Unlike harmonisation, mutual recognition means that the same rules do not apply everywhere. Mutual recognition means accepting the standards which are the norm in other countries, based on mutual trust and the principle of the comparability of professional education. Thus, each country retains its own process of professional education. Thus, mutual recognition has the advantages of respecting and retaining existing professional education and avoiding lengthy and difficult negotiations aimed at achieving a degree of commonalty which, it can be argued, is inappropriate in professional education. (Gronow & Plimmer, 1992).

4.2 International Certification

International certification has been introduced within Europe as a means of ensuring that individual professionals demonstrate a common level of professional knowledge across a range of relevant subject areas. Thus, they involve the establishment of a whole raft of educational programmes suitable for professionals from a range of national backgrounds who are required to study and pass examinations.

International certification has the advantage of ensuring that common curricula and common standards are seen to be met by individuals. However, it must be questioned as to how attractive such a process is to professionally qualified individuals who have already undergone a rigorous and challenging programme of professional education in order to achieve professional status in their own country. Indeed, The European Group of Valuers’ Associations (TEGoVA) has withdrawn its certification system in favour of a more flexible “Recognition of Valuation Practice” model, based on similar principles to those of mutual recognition, and endorsed by TEGoVA. (RICS, 2005)

4.3 Reciprocity Agreements

Reciprocity agreements are useful for achieving transfers of members between a limited number (normally two) professional associations located in different countries, based on both a clear need from their membership for reciprocity and the similarity of both the professional activities and the professional education and training which underpins qualification.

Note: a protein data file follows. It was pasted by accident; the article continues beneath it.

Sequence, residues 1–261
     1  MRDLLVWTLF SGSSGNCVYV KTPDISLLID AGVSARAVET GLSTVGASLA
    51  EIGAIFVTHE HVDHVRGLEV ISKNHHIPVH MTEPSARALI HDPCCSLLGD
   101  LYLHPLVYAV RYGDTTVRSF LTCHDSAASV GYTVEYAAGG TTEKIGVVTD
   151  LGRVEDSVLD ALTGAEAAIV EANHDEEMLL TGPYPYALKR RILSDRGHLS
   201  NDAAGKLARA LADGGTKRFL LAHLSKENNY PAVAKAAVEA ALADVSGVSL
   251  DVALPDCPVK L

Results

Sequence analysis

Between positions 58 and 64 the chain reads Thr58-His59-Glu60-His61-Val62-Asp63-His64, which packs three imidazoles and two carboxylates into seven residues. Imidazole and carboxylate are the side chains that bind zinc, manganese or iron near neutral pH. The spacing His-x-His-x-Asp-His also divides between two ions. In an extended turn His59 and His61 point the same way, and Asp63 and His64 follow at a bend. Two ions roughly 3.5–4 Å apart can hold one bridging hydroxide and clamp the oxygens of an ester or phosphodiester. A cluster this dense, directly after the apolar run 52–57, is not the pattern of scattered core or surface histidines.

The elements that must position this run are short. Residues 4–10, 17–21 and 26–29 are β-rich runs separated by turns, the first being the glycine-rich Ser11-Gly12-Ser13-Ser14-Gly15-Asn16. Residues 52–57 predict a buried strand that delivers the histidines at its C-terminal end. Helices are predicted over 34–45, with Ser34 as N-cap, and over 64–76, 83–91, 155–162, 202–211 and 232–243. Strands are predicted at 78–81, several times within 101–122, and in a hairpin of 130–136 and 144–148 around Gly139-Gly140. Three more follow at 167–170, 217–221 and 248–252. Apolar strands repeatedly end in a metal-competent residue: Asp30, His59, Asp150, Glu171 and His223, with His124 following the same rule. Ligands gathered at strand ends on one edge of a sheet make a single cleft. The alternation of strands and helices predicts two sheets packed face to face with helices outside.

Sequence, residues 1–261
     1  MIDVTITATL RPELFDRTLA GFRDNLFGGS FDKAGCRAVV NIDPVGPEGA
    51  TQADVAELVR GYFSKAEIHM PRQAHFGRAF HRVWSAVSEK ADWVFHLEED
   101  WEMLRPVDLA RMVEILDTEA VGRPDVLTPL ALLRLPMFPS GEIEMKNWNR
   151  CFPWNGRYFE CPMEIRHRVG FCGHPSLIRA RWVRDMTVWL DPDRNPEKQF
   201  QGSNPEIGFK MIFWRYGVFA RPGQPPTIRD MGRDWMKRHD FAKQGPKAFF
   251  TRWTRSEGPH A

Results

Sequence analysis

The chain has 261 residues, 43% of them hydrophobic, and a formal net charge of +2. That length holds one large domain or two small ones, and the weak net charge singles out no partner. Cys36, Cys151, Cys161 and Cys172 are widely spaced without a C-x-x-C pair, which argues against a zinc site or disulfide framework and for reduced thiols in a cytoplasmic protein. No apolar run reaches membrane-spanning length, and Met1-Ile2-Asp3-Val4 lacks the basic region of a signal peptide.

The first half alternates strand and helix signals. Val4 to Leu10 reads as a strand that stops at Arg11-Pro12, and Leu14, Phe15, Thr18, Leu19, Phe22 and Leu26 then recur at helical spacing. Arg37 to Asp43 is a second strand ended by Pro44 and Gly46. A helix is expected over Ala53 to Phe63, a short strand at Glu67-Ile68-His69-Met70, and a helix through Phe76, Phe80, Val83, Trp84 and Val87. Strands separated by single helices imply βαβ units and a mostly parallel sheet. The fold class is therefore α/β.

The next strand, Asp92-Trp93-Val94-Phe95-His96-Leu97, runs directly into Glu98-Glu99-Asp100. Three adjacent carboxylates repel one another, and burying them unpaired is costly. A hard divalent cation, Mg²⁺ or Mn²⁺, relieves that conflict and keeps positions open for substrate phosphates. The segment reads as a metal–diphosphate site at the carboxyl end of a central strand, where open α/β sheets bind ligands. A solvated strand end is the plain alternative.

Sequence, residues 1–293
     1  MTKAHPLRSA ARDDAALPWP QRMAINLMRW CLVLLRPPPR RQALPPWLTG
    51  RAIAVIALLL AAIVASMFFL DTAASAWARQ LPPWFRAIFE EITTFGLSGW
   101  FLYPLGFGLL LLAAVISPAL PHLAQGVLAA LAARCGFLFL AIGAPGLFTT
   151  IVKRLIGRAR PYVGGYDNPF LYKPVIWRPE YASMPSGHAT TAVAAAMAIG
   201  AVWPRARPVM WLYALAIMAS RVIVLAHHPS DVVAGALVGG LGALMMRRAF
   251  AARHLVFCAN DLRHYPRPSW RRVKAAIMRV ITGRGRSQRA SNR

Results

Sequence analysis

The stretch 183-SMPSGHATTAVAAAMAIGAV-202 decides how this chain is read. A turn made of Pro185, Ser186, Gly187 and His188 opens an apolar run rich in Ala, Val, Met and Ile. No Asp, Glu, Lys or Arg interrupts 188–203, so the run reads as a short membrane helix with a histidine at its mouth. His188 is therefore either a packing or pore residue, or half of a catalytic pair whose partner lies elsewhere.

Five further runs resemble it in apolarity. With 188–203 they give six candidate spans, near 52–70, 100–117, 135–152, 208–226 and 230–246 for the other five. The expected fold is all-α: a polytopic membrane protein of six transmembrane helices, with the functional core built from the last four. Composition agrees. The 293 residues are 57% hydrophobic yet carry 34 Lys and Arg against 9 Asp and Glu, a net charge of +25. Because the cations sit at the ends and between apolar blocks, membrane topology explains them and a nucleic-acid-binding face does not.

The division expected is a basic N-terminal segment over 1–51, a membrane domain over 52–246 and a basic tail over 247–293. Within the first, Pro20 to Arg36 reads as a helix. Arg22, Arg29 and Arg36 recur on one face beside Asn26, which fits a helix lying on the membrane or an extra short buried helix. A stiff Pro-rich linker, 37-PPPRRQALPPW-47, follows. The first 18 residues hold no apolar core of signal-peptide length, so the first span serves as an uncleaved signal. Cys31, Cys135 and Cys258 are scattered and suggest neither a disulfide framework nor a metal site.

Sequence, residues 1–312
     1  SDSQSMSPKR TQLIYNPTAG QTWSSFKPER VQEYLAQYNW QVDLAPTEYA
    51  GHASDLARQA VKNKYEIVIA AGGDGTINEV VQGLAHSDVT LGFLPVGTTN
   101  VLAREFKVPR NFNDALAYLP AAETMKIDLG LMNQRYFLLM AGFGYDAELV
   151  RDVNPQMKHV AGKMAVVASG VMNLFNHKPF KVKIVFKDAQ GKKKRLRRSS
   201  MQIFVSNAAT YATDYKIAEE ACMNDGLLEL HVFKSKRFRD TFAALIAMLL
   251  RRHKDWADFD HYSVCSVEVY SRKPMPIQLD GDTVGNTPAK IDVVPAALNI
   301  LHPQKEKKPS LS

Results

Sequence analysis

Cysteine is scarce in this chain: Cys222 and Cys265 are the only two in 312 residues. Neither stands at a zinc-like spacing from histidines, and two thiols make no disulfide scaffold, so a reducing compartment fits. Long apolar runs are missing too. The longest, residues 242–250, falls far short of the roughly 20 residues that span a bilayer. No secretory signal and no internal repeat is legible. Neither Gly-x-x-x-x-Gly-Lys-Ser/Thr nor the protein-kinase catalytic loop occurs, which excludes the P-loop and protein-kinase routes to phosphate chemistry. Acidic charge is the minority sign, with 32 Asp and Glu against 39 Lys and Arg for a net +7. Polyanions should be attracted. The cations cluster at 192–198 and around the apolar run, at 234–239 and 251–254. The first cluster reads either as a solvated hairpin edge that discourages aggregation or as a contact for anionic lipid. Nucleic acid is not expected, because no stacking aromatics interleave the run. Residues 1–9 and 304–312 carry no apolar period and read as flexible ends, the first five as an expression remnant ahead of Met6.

Experience of reciprocity agreements indicates that they work very well. Dialogue normally involves an exchange of information which precedes an investigation undertaken by both professional associations to establish the nature and level of professional education and the process for achieving qualification. The agreement requires either party to inform the other of any changes in the process and the agreement may be terminated by notice. The effect of the reciprocity agreements is similar to that of the mutual recognition process, in that members from one professional association gain membership of the other professional association when they move and can be recognized as complying with the definitions of “bi-lateral mutual recognition agreements” approved by the WTO (refer Section 2, above).

One of the advantages of reciprocity agreements is that they tend to be driven by the membership who perceive a demand for cross-border migration. Because they are normally preceded by an exchange of relevant information, they are extremely useful in informing their correspondents about the nature and process of their professional education and training and routes to qualification. The drawback to reciprocity agreements is their selective coverage, so as devices for achieving a global profession, their effectiveness is limited.